© Boston Globe/Boston Globe via Getty Images Massachusetts Gov. Charlie Baker laughs with World War II veteran Sidney Walton… By GLENN BLAI...
By GLENN BLAIN, New York Daily News
Sidney Walton, a 99-year-old World War II veteran, is on a new mission — and he’s about to bring it to New York.
Walton, a Brooklyn native who lives in San Diego, is traveling the nation with the goal of meeting every governor by the time he turns 100 in February. He hopes to shake hands with Gov. Cuomo sometime this week.
Walton hopes the “No Regrets Tour” will raise awareness to the fact that World War II veterans are rapidly dying off. He wants to give as many people as possible the chance to meet him and talk with a survivor of the war.
“It is important that they meet living history, they meet someone who fought in World War II,” said Walton’s 62-year-old son Paul, who is traveling with his father.
“We are going to go to all 50 states, all 50 capitals, meet all 50 governors with the intent to meet anyone who has never met a World War II veteran,” Paul Walton said in a phone interview from Maine, where they had just met Gov. Paul LePage.
Paul Walton said he got the idea for the tour while celebrating his dad’s 99th birthday in February. The tour’s name is derived from the regret Sidney has always felt at not being able to meet a group of Civil War veterans who gathered for an event in Central Park when he was 21.
Soon after the event, Sidney joined the Army and ended up fighting in India and Burma. He never got another opportunity to meet Civil War veterans.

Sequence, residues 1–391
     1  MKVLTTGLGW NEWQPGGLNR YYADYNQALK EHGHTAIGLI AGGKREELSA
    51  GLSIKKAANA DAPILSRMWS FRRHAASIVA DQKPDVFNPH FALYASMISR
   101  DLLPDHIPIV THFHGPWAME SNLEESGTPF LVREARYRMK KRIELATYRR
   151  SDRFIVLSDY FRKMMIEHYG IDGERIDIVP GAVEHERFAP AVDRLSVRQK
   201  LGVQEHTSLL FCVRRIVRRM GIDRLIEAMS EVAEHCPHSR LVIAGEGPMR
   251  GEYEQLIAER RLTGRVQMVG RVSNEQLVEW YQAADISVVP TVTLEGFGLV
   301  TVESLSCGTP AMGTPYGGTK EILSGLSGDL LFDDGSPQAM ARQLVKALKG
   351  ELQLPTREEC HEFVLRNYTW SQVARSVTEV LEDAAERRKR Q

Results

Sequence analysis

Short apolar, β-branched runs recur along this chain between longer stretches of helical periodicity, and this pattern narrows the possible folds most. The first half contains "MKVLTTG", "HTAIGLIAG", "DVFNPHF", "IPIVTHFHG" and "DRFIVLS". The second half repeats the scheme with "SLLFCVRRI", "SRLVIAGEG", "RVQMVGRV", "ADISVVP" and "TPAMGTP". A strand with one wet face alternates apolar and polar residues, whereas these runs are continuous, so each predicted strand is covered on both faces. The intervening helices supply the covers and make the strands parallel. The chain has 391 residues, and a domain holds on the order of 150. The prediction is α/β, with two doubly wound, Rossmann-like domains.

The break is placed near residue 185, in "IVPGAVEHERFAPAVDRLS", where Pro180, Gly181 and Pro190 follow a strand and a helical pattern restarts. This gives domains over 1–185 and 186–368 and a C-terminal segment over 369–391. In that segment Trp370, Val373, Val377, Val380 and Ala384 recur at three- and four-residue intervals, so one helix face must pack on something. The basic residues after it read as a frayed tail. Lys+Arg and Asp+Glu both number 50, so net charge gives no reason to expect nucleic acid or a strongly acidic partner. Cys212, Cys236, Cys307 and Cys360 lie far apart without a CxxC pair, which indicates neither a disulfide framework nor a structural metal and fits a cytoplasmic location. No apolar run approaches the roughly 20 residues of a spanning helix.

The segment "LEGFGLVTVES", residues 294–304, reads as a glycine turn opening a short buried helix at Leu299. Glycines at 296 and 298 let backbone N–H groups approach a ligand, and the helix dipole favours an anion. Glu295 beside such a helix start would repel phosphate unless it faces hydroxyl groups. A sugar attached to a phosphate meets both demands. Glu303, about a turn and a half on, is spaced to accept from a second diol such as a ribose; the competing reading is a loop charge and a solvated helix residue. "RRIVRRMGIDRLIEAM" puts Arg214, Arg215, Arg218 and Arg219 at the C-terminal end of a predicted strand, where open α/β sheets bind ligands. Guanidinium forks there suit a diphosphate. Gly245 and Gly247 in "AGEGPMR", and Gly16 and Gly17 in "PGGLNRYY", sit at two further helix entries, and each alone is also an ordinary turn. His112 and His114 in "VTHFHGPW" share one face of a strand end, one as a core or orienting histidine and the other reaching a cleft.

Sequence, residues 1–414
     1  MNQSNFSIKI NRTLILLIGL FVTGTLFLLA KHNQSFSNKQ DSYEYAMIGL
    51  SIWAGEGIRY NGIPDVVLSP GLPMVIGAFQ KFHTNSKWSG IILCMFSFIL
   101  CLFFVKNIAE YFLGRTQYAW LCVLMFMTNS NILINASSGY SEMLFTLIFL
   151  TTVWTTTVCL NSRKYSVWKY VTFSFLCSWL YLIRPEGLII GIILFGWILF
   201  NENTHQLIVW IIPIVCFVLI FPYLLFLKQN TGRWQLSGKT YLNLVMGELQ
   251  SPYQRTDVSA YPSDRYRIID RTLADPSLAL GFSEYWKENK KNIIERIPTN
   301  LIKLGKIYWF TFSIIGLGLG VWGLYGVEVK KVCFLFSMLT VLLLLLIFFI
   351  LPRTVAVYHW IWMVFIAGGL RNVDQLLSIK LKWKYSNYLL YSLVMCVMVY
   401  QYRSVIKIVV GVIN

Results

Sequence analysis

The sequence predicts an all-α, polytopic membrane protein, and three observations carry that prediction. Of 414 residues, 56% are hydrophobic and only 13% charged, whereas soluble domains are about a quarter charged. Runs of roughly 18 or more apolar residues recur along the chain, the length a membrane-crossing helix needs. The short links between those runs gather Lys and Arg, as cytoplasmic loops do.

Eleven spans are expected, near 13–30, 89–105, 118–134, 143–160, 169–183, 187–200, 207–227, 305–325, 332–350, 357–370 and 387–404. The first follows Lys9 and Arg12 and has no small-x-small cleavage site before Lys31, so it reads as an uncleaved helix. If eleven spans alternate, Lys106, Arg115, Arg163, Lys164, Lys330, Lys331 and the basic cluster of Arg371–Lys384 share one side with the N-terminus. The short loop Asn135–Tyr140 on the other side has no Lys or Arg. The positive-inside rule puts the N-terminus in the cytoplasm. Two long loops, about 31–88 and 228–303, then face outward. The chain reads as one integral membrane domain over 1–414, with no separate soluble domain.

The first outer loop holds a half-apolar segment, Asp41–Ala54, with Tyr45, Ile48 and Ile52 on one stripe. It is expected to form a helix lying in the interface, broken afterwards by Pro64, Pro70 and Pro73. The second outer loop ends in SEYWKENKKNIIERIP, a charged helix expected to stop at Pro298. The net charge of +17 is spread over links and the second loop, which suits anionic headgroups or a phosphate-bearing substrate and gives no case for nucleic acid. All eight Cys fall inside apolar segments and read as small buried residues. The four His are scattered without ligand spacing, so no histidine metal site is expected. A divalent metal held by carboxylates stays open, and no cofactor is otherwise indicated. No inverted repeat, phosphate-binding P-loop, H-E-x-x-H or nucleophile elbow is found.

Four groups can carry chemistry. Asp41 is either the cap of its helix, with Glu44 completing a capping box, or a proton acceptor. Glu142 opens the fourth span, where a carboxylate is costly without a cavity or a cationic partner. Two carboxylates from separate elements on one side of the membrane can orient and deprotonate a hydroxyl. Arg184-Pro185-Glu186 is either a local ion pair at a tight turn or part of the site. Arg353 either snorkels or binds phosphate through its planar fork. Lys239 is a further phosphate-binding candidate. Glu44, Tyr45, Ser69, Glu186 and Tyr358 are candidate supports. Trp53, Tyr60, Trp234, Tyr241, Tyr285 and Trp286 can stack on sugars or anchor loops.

“It's like one final mission and that mission to put joy into every person's life, particularly those who have never met a World War II veteran,” Paul Walton said.
So far, the Waltons have met governors in Maine, Massachusetts, Rhode Island and Connecticut. The reception has been overwhelming, Paul said.
The elder Walton was made an honorary brigadier general of the Rhode Island Militia, was presented with a Medal of Merit by Massachusetts Gov. Charlie Baker, and met countless people.
“They look at us with incredulity but then they look at my dad, they see that he is in great health, and they say ‘Sir, thank you for your service, thank you for everything you are doing,’ and they all shake his hand,” Paul Walton said.
Cuomo spokesman Rich Azzopardi confirmed the governor is trying to arrange a meeting with Walton sometime this week.
Paul Walton said that aside from being confined to a wheelchair, his father is in good health and eager to continue the tour. They’re documenting their travels and raising money through a website called gosidneygo.com.
“He's really enjoying this tour,” Paul Walton said. “It is putting a smile on his face.”